In Bartleby, the Scrivener, the narrator introduces three other workers: Turkey, Nippers, and Ginger Nut. What are they like?

Asked on

1 Answer | Add Yours

kplhardison's profile pic

Posted on (Answer #1)

Pertaining to the three employees of the narrator of Bartleby, the Scrivener, their nicknames are Turkey, Nippers and Ginger Nut. Turkey and Nippers are copyists. Turkey is approaching 60 years old and Nippers is about 25 years old. Ginger Nut is an office boy and apprentice law student of twelve years old.

Turkey is the one the narrator has the most to say about because Turkey is the oldest and presumably in his employee the longest. In the morning Turkey is diligent and an earnest worker who is an exceptional copyist (producing flawless handwritten copies of legal documents). But after stepping out at noon to eat lunch (or dinner, as they called it), he invariably comes back flushed and in a nervous hyper-energetic condition, the result of which is ink blotches on important legal documents. The narrator values his service and is accommodating (overly accommodating) of Turkey's strange afternoon behavior, even offering to let Turkey work half a day, a suggestion Turkey rejects. The narrator comments, "...he would not go. So I made up my mind to let him stay."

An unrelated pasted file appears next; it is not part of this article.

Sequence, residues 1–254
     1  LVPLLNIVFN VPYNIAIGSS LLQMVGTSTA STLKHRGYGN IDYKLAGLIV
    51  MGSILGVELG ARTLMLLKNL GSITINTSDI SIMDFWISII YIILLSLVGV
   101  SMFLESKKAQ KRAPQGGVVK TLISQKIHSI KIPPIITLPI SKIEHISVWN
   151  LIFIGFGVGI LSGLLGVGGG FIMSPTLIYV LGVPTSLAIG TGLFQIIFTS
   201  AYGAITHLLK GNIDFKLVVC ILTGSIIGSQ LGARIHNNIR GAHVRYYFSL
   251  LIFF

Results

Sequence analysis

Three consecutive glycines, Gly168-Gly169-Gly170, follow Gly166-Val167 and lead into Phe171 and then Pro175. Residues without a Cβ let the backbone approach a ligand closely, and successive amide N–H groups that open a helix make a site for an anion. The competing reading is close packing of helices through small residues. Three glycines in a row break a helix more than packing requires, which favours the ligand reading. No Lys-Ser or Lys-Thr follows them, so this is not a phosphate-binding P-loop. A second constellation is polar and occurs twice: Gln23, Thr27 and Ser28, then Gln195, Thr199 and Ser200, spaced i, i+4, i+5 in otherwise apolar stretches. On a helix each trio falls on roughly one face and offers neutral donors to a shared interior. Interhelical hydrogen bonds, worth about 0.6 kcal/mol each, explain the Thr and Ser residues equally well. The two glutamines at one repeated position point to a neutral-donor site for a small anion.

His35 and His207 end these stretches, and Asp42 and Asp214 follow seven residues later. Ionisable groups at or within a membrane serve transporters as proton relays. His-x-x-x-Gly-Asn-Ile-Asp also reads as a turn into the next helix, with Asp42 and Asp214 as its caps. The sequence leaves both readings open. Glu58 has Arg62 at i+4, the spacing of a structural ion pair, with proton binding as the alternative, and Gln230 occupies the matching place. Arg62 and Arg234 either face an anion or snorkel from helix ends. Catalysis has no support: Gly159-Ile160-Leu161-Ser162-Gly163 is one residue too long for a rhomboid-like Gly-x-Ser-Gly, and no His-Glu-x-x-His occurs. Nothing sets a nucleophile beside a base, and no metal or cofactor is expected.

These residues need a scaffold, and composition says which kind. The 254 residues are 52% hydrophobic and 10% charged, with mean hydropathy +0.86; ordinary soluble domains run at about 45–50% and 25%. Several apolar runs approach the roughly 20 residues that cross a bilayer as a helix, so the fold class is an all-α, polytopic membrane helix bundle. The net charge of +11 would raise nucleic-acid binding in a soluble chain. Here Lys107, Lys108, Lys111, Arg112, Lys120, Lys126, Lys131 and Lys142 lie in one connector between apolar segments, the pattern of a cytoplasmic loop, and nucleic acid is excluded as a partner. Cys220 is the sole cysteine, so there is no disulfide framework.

Nippers, the second copyist, also of remarkable skill, is anxious and agitated in the morning (while Turkey is calm) and wages an on-going battle with his scrivener's desk in attempt to make it comfortable and conducive to productive work--a battle he never wins though he may try ever so hard. After lunch, Nippers is calm and productive--when he chooses to be--and battles less with his desk (while Turkey gears up for blotting all the documents in hyper-activity).

Ginger Nut, the office boy and law student, mostly cleans, ignores his desk and studies, and goes on errands to fetch cakes and apples for Turkey and Nippers. So he is a student who doesn't really want to be one.

Then enters Bartleby whom the narrator hopes will influence the other with his quiet industrious ways but whom we learn "would prefer not to." And the narrator doesn't know how to free himself of any of these individuals!

We’ve answered 288,465 questions. We can answer yours, too.

Ask a question